I find that helpful to remember, when I fail to stay fit because I can’t exercise without hurting myself, when I fail to fast in Ramadan because it’s dangerous for me to do so- when I fail to discover a cure for my family’s personal assortment of medical issues through rigorous internet “research,” none of that is my failure either. And I can feel a lot of different ways about these situations, but I do not feel guilty- because it’s not my fault. And I do not feel bitter, because my test is my honor. Even when I do feel scared.
Being scared in not a failure either. Neither is being unemployed. Being unmarried is not a failure. Being childless is not a failure. Being divorced is not a failure. Nothing unpleasant or miserable or unexpected is a failure. It’s all just a test, and seeing it as a test means you have the state of mind to look for the correct answers.
Not even sin is failure, because as long as you are alive, your sin stands as an invitation to forgiveness. The bigger the sin, the greater the blessings of repenting from it. Everything that goes bad is the opening of the door for good. A major sin can be the first step on a journey that starts with repentance and moves you closer to Allah every day thereafter. Sin only becomes failure when it takes you farther away from Allah, rather than closer to him.
Jahannam is the Only Failure
Addiction is not a failure. Depression is not a failure. Poverty is not a failure. Jahannam is the only failure. Everything else is a gap in expectations.
You assumed you would have something, but it’s not written for you. You assumed you’d ask Allah for something and He’d give it to you, but what is that assumption based on again? That good deeds are the guarantee to the good life, and that prayer equals problem solved?
Allah has all the knowledge, Allah has the wisdom, Allah is the best of Planners – how are you assuming that your wishes supersede His will? Even when you put your wishes in the form of a prayer?
They don’t. It is absolutely true that Allah may choose to rewrite Qadr itself based on your prayers – but that’s still His choice. Allah has always, and will always be in control of this world. And that means your world too. If you still think you’re in control, you will find it really, really hard to cope the first time you realize you’re not.
When we understand that we don’t get to control what happens and what doesn’t, we can then release ourselves from the misplaced guilt of things going wrong. Lots of special needs parents struggle with guilt. I meet them often – and every single parent has asked the question- directly or indirectly-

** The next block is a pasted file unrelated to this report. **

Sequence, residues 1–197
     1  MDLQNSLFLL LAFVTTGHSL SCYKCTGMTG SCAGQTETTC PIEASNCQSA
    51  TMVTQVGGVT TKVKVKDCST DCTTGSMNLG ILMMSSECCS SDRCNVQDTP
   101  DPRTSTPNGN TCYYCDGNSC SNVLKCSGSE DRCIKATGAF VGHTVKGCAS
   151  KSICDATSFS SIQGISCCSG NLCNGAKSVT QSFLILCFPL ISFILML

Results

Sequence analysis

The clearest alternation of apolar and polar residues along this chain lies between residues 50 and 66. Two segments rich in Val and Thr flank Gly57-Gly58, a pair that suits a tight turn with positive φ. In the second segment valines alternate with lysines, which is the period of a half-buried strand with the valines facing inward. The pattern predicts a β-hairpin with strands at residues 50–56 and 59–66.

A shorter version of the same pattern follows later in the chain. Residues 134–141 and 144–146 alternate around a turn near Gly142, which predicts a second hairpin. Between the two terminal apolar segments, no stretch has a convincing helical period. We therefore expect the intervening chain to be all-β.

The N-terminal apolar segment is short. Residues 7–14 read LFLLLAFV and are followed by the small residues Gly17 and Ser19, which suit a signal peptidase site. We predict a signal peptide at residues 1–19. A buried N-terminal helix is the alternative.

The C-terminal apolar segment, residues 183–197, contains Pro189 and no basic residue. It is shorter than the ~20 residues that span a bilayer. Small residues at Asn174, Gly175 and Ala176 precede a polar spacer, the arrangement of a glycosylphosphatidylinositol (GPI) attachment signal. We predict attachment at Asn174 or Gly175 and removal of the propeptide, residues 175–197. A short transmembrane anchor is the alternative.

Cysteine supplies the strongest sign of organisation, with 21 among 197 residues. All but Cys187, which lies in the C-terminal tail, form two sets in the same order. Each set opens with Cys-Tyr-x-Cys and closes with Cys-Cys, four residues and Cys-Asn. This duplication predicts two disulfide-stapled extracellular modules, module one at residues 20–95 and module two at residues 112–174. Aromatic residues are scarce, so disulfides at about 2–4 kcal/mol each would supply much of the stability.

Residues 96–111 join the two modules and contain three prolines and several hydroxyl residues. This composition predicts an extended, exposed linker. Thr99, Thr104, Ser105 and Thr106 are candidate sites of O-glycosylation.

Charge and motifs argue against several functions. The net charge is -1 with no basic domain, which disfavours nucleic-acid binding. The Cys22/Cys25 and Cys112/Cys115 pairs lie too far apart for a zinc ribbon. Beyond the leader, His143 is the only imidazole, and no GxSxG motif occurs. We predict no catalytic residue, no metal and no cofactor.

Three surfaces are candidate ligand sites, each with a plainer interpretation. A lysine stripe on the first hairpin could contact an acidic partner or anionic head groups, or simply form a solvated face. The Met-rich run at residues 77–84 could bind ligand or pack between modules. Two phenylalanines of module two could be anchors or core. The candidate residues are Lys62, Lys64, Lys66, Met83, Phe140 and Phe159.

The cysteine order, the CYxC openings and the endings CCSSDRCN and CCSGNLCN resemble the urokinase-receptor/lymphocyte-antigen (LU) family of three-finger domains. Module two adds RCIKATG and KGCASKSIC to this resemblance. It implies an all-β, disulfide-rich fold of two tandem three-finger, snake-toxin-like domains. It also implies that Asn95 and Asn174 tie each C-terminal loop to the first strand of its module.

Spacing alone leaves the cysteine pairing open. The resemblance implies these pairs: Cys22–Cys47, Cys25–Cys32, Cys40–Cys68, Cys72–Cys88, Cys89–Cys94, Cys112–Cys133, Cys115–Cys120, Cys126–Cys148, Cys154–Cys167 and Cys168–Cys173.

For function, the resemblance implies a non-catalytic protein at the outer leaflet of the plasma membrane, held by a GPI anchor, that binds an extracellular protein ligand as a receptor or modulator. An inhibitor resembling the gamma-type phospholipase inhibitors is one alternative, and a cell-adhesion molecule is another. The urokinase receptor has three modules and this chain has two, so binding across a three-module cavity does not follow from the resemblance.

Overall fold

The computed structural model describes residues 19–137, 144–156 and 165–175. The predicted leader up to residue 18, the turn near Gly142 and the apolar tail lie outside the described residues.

What did I do for my child to deserve this?
Can you hear the presumption in there? That the parents were good, so why did something bad happen? They were expecting for good deeds to equal the good life.
There’s a second presumption in there too, that their life choices were a determining factor of what happened to their child. That is a presumption of control. And as long as you try to hold on to that presumption of control, there is the constant feeling of failure when it just doesn’t work the way you think it will.
I am not proposing that we lose hope in Allah and despair of His mercy. I am in no way insinuating that Allah doesn’t hear every prayer, hasn’t counted every tear, and isn’t intimately aware of your pain and your challenges. Allah hears your prayers, and in His wisdom, sometimes he grants us exactly what we want. In His Wisdom, sometimes he grants us exactly what we need.
Even if we don’t see it.
Even if it scares us.
Even if it hurts us – because Allah has promised that He will never, ever break us.
Allah Tests Us in His Mercy
I am proposing that we put trust in the wisdom of Allah, and understand that when He tests us, that is part of his mercy, not a deviation from it. When he grants something to us, that is part of His mercy, and when he withholds something from us, that too is part of His Mercy, even if we don’t like it. Even when we ask Him to take it away.
The third thing I would like to propose, is that we correct our understanding of – Fa Inna Ma’Al usri yusraa, Inna Ma’al usri yusra.
So verily, definitely, for sure- with hardship there is ease. Again, Inna – for sure, with hardship there is ease.
I’m sure lots of you have said this to people you loved, or to yourself when you’re struggling with something and you’re just trying to get through it. But did you mean that this hardship will end, and then things will be good again? Like as soon as things have been hard for a while, Allah will make them easy again?